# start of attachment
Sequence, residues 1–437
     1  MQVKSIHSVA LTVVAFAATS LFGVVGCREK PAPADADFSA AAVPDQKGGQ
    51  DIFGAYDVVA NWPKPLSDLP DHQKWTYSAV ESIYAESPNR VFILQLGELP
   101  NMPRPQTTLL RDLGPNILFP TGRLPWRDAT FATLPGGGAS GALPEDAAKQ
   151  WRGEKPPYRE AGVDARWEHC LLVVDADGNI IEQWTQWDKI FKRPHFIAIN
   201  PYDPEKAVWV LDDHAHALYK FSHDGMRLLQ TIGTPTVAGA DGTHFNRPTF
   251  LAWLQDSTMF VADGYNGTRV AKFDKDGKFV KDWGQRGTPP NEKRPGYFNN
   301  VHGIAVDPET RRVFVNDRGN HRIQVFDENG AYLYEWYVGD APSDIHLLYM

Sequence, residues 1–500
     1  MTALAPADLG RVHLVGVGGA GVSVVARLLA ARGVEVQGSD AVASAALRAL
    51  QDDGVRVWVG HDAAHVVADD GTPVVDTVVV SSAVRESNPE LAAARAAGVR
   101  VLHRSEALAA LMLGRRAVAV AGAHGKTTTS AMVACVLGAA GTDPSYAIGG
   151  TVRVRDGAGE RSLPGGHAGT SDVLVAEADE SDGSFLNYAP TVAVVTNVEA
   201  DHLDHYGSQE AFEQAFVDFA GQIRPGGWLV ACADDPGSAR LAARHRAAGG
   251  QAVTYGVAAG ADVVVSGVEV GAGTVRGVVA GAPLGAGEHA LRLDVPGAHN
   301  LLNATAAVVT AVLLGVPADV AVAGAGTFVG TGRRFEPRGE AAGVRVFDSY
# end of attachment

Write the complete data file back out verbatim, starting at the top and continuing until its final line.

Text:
Sequence, residues 1–437
     1  MQVKSIHSVA LTVVAFAATS LFGVVGCREK PAPADADFSA AAVPDQKGGQ
    51  DIFGAYDVVA NWPKPLSDLP DHQKWTYSAV ESIYAESPNR VFILQLGELP
   101  NMPRPQTTLL RDLGPNILFP TGRLPWRDAT FATLPGGGAS GALPEDAAKQ
   151  WRGEKPPYRE AGVDARWEHC LLVVDADGNI IEQWTQWDKI FKRPHFIAIN
   201  PYDPEKAVWV LDDHAHALYK FSHDGMRLLQ TIGTPTVAGA DGTHFNRPTF
   251  LAWLQDSTMF VADGYNGTRV AKFDKDGKFV KDWGQRGTPP NEKRPGYFNN
   301  VHGIAVDPET RRVFVNDRGN HRIQVFDENG AYLYEWYVGD APSDIHLLYM

Sequence, residues 1–500
     1  MTALAPADLG RVHLVGVGGA GVSVVARLLA ARGVEVQGSD AVASAALRAL
    51  QDDGVRVWVG HDAAHVVADD GTPVVDTVVV SSAVRESNPE LAAARAAGVR
   101  VLHRSEALAA LMLGRRAVAV AGAHGKTTTS AMVACVLGAA GTDPSYAIGG
   151  TVRVRDGAGE RSLPGGHAGT SDVLVAEADE SDGSFLNYAP TVAVVTNVEA
   201  DHLDHYGSQE AFEQAFVDFA GQIRPGGWLV ACADDPGSAR LAARHRAAGG
   251  QAVTYGVAAG ADVVVSGVEV GAGTVRGVVA GAPLGAGEHA LRLDVPGAHN
   301  LLNATAAVVT AVLLGVPADV AVAGAGTFVG TGRRFEPRGE AAGVRVFDSY